This from a city that has oil wells in back yards and shopping center parking lots, oil wells just off shore (covered to make them look like resort buildings on an island.), and oil refineries just across the bridge!
The report that City Hall sent to the California Energy Commission described the potential for "massive damage' downtown and in neighborhoods if an incident occurs at the proposed LNG site. An incident has already occurred. The liberals have acted to prevent the construction of a needed facility. They have surrendered even before the attack on the facility has begun. Naturally liberals do not know how to protect a military target, they have spent so much time running from conflict, it is the only strategy they understand.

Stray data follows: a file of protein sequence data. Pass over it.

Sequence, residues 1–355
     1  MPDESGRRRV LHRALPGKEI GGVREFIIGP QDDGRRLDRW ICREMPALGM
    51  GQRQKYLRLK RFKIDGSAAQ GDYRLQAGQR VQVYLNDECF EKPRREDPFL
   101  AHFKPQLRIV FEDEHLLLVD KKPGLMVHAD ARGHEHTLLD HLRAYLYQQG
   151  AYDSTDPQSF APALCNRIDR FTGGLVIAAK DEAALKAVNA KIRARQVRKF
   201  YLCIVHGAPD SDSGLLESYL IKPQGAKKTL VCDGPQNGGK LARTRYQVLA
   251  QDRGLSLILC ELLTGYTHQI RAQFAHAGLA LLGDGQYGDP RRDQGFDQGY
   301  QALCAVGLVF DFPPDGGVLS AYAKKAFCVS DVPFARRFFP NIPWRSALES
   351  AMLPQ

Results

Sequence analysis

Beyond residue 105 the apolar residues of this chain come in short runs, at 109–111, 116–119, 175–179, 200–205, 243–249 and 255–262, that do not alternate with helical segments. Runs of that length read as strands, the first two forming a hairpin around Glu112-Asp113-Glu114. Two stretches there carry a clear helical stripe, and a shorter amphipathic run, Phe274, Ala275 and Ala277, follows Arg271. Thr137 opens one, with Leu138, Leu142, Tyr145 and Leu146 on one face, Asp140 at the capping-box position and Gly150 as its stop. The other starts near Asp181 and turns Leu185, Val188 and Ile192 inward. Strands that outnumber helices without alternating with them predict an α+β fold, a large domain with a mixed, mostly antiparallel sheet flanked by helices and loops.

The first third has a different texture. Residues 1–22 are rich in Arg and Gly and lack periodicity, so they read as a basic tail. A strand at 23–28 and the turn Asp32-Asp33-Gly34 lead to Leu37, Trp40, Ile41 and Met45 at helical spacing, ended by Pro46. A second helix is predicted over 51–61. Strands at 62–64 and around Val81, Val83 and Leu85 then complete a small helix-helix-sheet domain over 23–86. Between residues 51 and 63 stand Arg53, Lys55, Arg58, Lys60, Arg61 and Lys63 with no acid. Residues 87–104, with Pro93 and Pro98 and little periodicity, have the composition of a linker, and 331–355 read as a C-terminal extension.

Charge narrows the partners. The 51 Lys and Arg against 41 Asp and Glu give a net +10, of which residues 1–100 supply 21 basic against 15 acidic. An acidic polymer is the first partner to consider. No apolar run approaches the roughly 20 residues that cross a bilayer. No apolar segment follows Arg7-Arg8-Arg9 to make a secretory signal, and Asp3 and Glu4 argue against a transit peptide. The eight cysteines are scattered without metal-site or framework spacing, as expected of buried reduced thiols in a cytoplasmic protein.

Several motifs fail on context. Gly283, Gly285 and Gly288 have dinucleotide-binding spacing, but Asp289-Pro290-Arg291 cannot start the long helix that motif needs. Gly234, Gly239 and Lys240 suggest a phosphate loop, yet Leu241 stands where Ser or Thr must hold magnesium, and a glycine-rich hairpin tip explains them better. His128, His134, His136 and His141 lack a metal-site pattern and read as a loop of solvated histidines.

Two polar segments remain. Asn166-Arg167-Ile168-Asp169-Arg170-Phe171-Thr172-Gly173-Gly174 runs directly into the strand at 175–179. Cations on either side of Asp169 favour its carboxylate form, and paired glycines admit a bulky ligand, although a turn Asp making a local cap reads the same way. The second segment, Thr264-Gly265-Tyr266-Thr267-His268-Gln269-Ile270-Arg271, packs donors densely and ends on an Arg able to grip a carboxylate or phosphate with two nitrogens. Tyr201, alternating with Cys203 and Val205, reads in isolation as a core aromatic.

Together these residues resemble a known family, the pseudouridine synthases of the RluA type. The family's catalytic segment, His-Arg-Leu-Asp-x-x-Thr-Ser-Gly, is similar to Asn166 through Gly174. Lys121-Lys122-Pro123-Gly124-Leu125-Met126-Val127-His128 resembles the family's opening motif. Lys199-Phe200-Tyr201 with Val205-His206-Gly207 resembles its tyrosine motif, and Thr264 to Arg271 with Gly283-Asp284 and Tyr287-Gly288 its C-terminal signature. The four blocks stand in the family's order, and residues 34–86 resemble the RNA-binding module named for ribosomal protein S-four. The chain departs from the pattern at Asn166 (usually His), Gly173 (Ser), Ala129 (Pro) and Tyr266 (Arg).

An LNG tanker is a dangerous beast --- think Der Hindenburg --- much more so than oil (which, while certainly potentially explosive really burns more than it blows up).
I am not saything this could not be done safely, but the offload port would have to be FAR offshort --- an explosion of a tanker would be in the kiloton range, very easily.
Think Texas City and a barge full of fertilizer.
The same fear possibilities could be laid at most LNG proposals. Life has a high potential for eventual death. If the libs would just off themselves, they could have peace and tranquility.
How's about we build a trans-atlantic pipe under the ocean? No more ships, just pump energy all over the world.
I hereby retain all rights and profits derived from this idea exclusively as my own. Thank you.
WooHoo - God BLESS America's Energy Independence!